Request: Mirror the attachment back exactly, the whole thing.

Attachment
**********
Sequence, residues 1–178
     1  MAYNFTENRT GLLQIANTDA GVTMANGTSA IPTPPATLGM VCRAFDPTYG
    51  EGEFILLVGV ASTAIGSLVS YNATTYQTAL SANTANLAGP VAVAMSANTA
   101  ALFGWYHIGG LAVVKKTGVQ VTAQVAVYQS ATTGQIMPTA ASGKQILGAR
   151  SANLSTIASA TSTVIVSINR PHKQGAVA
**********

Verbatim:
Sequence, residues 1–178
     1  MAYNFTENRT GLLQIANTDA GVTMANGTSA IPTPPATLGM VCRAFDPTYG
    51  EGEFILLVGV ASTAIGSLVS YNATTYQTAL SANTANLAGP VAVAMSANTA
   101  ALFGWYHIGG LAVVKKTGVQ VTAQVAVYQS ATTGQIMPTA ASGKQILGAR
   151  SANLSTIASA TSTVIVSINR PHKQGAVA